In his prepared April 28, 2021 posture statement before the U.S. Senate Committee on Armed Services Subcommittee on Emerging Threats and Capabilities, Rear Adm. H.W. Howard III, commander, Naval Special Warfare Command, asserted: “Today, our nation faces unprecedented challenges and increasing geopolitical risk; the rise of peer adversary powers, economic and social disruptions, and lowering technological barriers to new informational, biological, chemical, and improvised nuclear threats – which form together a crucible of destabilizing threats and opportunities.”
He added, “Naval Special Warfare [NSW], as the nation’s premier naval commando force, is undergoing deliberate and urgent transformation to meet new threats and create opportunities to maintain competitive advantage.”
TRANSFORMING FOR GREAT POWER COMPETITION
In addition to a range of transformational activities involving personnel, organizational structure, and command and control capabilities, Howard acknowledged that some transformative investments had been “refocused on ensuring global access in the maritime domain with a range of mobility, signature, and scalable kinetic and non-kinetic effects capabilities.
“Each capability investment is distinctive and designed to increase the lethality or survivability of the joint force across the competition continuum and into crisis and conflict,” he said. “True to special operations core tenets, we aim to serve as an ‘inside force’ creating dilemmas for the adversary and advantage inside where the enemy perceives superiority across all domains. With our rapid, force-wide transformation, we are delivering on the creative ways we can asymmetrically solve hard problems and do the things we must do now ahead of crisis.”
Elaborating on those themes during subsequent testimony, he offered, “We will never underestimate the enduring threat of terrorism to the homeland. When we look at the threats, the technological barrier to entry to those threats is dropping. Our concern is in biothreats, synthetic bio, improvised nuclear weapons. We can never underestimate those threats to the nation.”
Turning toward potential “peer threats” to the country, he said, “On China, specifically, and Russia, we are looking at how to modernize as rapidly as we can our comparative advantage in the maritime domain, both on and under the sea. And it is the access for intelligence operations, it is the access for dilemmas that undermine confidence and provide escalation offramps. That is the main thing that Naval Special Warfare is focused on. My sense is we will always contribute to counterterrorism. I think the nation will need our capabilities there. But the distinctive capabilities we have in the maritime domain for peer threats, that is our main effort.”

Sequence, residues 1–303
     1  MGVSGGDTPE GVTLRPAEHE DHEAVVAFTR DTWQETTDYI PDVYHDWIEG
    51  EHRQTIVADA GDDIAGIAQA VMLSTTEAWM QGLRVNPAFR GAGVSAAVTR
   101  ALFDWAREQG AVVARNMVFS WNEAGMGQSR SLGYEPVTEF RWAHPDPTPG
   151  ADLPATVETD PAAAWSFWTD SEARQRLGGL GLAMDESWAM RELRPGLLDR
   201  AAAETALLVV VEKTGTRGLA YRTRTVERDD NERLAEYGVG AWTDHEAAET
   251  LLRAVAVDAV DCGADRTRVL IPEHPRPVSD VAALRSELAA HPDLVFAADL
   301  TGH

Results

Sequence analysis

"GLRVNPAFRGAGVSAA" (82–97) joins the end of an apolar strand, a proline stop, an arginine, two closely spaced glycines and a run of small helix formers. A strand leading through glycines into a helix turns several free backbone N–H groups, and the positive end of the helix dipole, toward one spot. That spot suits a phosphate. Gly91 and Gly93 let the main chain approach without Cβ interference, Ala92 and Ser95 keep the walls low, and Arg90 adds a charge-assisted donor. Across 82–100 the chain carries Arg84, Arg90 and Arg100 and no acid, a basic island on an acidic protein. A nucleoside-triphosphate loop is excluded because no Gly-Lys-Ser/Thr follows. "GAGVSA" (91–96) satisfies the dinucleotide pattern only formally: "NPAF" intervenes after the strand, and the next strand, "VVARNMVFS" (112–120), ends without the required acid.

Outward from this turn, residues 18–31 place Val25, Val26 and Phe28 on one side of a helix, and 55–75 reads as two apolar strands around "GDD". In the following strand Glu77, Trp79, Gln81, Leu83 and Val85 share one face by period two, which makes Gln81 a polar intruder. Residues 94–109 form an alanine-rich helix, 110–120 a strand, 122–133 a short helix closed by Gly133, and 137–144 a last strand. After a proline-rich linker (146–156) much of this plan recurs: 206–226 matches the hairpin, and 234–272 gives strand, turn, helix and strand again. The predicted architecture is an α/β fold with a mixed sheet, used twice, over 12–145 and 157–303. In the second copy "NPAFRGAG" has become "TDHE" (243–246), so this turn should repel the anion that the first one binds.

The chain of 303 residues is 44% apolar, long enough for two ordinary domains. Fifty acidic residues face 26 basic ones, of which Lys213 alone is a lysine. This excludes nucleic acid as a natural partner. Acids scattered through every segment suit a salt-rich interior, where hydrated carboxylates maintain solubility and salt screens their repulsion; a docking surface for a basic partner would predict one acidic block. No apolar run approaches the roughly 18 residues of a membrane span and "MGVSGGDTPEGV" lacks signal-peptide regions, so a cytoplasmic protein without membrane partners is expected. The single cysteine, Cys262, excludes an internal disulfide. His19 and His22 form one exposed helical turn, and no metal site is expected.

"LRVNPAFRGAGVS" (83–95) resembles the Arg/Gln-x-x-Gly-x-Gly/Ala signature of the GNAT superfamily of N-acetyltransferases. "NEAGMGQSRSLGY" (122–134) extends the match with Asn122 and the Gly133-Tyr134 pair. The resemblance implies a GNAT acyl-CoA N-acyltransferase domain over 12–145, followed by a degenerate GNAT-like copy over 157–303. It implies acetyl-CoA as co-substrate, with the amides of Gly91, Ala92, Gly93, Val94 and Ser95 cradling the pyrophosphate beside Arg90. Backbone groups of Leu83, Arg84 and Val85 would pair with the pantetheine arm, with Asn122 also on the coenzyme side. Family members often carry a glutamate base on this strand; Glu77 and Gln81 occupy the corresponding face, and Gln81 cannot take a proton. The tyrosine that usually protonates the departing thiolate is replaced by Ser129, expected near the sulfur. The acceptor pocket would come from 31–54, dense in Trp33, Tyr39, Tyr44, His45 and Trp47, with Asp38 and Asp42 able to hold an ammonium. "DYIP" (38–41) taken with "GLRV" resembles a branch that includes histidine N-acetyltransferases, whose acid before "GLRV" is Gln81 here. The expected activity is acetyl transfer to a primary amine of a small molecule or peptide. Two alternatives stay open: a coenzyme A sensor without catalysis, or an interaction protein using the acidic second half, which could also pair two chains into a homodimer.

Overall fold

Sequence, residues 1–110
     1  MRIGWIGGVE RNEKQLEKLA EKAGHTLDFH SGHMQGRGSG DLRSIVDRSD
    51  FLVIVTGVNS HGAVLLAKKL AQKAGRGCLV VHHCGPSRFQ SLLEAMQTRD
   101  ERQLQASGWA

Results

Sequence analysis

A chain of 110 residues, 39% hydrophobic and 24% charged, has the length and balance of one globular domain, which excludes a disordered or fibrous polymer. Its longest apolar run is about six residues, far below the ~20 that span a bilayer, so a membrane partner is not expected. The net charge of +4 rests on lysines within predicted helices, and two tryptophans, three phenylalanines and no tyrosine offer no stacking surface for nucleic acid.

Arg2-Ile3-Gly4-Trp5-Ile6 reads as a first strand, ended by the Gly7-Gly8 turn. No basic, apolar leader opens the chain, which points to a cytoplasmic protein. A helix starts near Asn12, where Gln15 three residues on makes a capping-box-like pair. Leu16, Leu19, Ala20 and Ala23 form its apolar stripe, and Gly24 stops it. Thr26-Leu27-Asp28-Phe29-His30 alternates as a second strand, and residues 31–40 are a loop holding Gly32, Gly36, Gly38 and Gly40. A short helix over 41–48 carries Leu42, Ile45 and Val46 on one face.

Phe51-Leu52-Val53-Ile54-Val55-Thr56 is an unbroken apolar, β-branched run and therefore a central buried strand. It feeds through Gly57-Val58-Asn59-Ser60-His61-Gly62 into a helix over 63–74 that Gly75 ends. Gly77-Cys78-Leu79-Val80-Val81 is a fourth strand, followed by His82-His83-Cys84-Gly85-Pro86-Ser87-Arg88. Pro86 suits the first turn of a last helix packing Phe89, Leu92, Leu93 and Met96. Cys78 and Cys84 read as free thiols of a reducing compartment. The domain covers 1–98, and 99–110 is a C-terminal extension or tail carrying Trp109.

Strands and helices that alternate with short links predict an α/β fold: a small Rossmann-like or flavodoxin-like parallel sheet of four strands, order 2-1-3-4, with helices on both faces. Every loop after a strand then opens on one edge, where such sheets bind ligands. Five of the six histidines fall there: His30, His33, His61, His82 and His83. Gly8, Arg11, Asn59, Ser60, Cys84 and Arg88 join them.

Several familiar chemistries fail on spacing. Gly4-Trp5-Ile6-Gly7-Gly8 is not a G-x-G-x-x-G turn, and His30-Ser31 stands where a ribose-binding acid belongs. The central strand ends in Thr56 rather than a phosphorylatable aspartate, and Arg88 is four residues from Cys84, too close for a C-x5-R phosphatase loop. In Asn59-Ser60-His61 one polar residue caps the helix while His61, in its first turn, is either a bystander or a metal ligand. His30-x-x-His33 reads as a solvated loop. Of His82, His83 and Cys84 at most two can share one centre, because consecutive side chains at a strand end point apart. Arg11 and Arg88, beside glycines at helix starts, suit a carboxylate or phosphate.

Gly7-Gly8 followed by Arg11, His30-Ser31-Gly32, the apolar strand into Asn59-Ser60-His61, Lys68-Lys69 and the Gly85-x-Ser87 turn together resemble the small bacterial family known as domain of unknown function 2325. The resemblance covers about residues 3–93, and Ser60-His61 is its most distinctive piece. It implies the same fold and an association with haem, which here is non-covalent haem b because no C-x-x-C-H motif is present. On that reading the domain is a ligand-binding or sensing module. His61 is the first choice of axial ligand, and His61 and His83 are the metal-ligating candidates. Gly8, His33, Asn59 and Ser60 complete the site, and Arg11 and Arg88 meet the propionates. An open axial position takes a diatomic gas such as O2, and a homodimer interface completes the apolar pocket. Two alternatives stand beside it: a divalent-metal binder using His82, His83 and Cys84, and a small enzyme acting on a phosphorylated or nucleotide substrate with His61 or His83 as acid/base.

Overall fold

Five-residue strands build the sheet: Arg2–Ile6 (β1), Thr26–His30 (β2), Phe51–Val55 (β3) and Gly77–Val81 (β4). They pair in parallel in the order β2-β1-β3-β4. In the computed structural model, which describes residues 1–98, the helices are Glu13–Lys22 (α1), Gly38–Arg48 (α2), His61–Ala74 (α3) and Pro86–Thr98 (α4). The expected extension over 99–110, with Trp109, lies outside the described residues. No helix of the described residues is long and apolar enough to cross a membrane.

The materiel basis for those distinctive maritime domain capabilities was highlighted a couple of weeks later, during the virtual Special Operations Forces Industry Conference (SOFIC), when USSOCOM Program Executive Officer for Maritime Capt. Randy Slaff offered a broad overview of his equipment and platform portfolios.
Slaff asserted that a review of the “National Defense Strategy” (NDS) served to highlight the importance of maritime special operations capabilities. “We think that the capability we bring dovetails perfectly into the guidance outlined in [NDS],” he said. “We’ve received great support for the maritime portfolio in recent years, and we continue to drive the NDS principles into tangible capabilities, as we strive to rapidly provide an enhanced capability and GPC [great power competition] environment through platforms designed to provide assured access in denied environments.”
Referencing his arrival at USSOCOM in August of 2020, he told the virtual audience that he continued to be amazed by the operatorfocused and agile acquisition mindset exhibited by the USSOCOM team, which includes external stakeholders and industry partners.
“This week is a testament to the industry-government partnership in support of our special operations forces [SOF],” he said. “The contributions you make to our SOF warfighters every single day is critical to our national security, and that’s especially true in the Naval Special Warfare community and PEO Maritime as we shift our focus from counter violent extremism to great power competition.
“Maritime is a great place to be during the pivot to GPC,” Slaff added. “And the maritime portfolio is vital to USSOCOM’s near- and far-term strategic vision, due to the unique capabilities that we can and will be able to provide.”